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ObjectivesThe study aimed at describing characteristics and outcome of tuberculous meningitis (TBM) in HIV-positive patients and comparing these parameters with those of extrapulmonary TB (TBEP) and pulmonary TB (TBP).MethodsKaplan-Meier estimation and Poisson regression models were used to assess the mortality following TB diagnosis and to evaluate potential prognostic factors for the 3 groups of TB patients separately.ResultsA total of 100 patients with TBM, 601 with TBEP, and 371 TBP were included. Patients with TBM had lower CD4 cell counts and only 17.0% received antiretroviral therapy (ART) at TB diagnosis. The cumulative probability of death at 12 months following TB was 51.2% for TBM (95% CI 41.4-61.6%), 12.3% for TBP (8.9-15.7%), and 19.4% for TBEP (16.1-22.6) (P<0.0001; log-rank test). For TBM, factors associated with a poorer prognosis were not being on ART (adjusted incidence rate ratio (aIRR) 4.00 (1.72-9.09), a prior AIDS diagnosis (aIRR=4.82 (2.61-8.92)), and receiving care in Eastern Europe (aIRR=5.41 (2.58-11.34))).ConclusionsTBM among HIV-positive patients was associated with a high mortality rate, especially for patients from Eastern Europe and patients with advanced HIV-infection, which urgently calls for public health interventions to improve both TB and HIV aspects of patient management.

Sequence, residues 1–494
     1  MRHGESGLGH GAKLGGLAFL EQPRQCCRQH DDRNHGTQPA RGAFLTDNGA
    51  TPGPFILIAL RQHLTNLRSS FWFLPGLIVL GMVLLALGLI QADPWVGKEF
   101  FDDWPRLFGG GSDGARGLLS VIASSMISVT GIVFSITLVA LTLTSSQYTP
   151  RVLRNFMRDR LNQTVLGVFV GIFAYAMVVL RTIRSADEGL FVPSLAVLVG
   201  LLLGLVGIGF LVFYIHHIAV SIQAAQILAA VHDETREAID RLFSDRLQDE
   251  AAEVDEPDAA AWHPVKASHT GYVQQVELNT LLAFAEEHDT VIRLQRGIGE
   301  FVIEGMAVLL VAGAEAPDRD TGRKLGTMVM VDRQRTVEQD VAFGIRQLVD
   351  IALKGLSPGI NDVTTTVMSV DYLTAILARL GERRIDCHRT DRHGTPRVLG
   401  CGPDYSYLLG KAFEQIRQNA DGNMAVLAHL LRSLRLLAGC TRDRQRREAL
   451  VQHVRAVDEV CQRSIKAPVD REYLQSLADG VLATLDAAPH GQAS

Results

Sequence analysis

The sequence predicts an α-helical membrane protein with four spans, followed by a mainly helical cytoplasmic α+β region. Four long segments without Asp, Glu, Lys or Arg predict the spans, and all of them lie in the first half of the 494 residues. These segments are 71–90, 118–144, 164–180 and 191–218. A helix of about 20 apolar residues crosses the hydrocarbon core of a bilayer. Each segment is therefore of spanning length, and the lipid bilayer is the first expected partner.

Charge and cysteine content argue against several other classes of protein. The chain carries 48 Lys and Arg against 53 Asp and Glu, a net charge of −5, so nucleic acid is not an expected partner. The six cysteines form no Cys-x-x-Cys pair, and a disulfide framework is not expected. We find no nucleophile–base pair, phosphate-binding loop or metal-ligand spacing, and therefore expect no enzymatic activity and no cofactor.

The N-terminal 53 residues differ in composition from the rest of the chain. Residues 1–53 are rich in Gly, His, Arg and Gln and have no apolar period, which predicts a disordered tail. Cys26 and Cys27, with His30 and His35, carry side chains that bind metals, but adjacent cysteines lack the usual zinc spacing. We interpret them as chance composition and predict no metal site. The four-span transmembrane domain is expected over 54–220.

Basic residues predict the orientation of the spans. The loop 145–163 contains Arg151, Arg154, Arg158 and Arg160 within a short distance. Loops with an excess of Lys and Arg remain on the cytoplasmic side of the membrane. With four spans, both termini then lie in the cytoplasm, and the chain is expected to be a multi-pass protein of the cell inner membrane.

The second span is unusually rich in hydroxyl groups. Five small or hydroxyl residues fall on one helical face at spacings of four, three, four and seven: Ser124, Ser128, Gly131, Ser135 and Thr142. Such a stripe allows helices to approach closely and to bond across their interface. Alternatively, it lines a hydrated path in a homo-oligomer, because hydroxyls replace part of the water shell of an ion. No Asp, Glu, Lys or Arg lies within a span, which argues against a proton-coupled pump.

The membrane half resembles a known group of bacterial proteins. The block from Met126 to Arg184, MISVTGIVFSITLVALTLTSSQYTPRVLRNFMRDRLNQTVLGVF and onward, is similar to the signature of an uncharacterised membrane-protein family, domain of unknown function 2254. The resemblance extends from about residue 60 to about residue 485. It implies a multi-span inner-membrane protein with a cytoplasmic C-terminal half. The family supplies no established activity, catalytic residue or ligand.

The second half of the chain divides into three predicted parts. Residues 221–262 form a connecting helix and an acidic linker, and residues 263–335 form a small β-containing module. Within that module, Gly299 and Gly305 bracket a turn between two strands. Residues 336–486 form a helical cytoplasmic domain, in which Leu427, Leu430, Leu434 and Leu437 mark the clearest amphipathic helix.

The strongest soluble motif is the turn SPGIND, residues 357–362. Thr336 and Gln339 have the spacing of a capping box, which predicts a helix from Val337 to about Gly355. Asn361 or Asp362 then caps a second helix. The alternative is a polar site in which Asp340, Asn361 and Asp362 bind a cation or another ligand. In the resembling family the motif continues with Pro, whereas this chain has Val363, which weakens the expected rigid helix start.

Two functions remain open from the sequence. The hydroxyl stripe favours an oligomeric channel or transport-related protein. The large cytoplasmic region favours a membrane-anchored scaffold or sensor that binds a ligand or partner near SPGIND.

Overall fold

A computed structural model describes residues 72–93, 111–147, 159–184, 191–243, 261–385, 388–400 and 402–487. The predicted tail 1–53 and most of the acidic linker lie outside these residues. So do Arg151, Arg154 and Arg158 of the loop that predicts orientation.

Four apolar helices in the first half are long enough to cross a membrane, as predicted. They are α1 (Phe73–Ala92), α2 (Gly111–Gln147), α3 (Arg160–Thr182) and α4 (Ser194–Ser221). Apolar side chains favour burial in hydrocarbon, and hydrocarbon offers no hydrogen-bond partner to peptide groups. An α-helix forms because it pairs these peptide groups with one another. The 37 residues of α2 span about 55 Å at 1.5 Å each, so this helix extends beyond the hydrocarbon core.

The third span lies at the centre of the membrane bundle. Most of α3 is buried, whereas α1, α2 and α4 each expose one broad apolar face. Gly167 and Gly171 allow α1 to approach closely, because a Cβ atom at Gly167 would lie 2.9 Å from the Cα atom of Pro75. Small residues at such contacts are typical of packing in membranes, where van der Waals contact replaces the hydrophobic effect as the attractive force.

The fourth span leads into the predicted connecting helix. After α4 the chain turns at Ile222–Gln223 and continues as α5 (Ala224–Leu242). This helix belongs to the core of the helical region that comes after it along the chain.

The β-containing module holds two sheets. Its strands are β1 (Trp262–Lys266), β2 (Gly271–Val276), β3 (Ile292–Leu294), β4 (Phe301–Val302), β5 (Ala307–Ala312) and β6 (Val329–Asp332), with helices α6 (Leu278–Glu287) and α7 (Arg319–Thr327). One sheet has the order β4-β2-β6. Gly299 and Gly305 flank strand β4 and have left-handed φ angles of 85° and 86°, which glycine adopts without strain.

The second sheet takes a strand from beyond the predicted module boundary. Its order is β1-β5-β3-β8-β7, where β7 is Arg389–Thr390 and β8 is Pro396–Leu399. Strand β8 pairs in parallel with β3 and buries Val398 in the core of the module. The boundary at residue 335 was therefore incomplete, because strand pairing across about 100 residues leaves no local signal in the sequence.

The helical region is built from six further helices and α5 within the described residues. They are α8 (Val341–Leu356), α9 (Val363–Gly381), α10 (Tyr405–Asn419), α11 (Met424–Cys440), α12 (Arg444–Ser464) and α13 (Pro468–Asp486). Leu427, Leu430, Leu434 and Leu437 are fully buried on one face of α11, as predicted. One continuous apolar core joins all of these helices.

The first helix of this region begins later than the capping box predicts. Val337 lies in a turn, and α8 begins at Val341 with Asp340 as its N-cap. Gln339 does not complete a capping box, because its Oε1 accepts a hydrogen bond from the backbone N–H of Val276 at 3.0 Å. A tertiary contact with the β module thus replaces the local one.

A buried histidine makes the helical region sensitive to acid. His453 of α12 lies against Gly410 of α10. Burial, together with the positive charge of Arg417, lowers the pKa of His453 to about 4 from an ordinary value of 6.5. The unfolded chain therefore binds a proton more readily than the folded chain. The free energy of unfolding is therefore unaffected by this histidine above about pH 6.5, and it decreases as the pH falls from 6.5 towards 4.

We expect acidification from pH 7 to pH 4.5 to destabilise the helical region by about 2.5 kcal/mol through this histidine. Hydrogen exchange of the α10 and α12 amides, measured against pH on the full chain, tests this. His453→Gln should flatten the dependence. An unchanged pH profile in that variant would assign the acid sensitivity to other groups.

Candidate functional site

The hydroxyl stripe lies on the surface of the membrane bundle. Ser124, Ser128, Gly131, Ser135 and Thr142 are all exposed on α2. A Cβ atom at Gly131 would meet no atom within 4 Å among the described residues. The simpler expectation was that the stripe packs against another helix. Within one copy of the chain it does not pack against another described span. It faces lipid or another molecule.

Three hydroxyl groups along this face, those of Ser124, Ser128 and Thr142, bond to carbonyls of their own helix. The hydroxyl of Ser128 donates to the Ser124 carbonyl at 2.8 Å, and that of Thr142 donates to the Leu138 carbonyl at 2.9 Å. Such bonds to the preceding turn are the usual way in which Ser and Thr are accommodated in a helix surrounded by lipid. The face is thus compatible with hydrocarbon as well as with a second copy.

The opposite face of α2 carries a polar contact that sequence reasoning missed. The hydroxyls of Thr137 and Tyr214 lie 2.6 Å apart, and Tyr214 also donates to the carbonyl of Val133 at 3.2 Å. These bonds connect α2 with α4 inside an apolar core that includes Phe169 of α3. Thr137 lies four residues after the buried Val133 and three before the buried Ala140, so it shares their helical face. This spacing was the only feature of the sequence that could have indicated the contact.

Original publication




Journal article


BioMed research international

Publication Date





Copenhagen HIV Programme, Rigshospitalet, Faculty of Health and Medical Sciences, Copenhagen University Hospital and University of Copenhagen, 2200 Copenhagen N, Denmark.


HIV/TB Study Group, Humans, HIV, Tuberculosis, Meningeal, HIV Infections, CD4 Lymphocyte Count, Treatment Outcome, Risk Factors, Adult, Argentina, Europe, Female, Male, Kaplan-Meier Estimate